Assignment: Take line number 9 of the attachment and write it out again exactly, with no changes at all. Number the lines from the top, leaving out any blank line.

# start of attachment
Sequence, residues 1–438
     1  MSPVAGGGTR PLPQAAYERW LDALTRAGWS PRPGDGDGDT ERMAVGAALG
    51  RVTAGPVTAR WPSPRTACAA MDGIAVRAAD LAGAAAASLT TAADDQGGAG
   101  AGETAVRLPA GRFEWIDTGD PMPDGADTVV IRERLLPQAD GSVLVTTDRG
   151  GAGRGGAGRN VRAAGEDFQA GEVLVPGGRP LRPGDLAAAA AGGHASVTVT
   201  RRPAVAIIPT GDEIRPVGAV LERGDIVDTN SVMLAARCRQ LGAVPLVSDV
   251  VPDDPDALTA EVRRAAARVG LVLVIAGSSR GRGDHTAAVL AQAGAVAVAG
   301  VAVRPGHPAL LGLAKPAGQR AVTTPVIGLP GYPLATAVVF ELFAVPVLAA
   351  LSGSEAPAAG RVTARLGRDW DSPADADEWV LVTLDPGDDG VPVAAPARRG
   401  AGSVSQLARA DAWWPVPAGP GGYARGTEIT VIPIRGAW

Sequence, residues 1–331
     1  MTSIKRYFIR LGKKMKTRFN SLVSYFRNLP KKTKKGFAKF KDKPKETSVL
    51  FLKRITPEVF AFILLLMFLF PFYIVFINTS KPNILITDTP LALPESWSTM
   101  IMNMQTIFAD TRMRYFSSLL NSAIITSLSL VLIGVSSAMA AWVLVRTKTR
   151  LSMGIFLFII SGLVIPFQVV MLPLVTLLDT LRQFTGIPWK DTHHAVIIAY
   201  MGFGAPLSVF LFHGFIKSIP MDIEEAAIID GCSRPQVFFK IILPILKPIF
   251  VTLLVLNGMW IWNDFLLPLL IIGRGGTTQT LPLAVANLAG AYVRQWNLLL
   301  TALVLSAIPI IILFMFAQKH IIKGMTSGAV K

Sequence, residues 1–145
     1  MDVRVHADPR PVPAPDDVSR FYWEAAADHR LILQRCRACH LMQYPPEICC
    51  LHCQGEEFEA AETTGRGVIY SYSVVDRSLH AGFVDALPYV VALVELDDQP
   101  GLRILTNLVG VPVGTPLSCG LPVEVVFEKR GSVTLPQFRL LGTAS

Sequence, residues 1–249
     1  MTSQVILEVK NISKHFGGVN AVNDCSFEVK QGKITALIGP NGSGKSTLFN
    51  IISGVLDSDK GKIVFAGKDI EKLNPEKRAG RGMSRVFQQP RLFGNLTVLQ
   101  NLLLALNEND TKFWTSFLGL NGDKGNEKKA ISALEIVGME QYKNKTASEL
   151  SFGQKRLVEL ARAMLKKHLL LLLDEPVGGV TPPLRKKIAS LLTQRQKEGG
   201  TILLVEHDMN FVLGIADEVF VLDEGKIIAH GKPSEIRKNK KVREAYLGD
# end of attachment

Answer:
   351  LSGSEAPAAG RVTARLGRDW DSPADADEWV LVTLDPGDDG VPVAAPARRG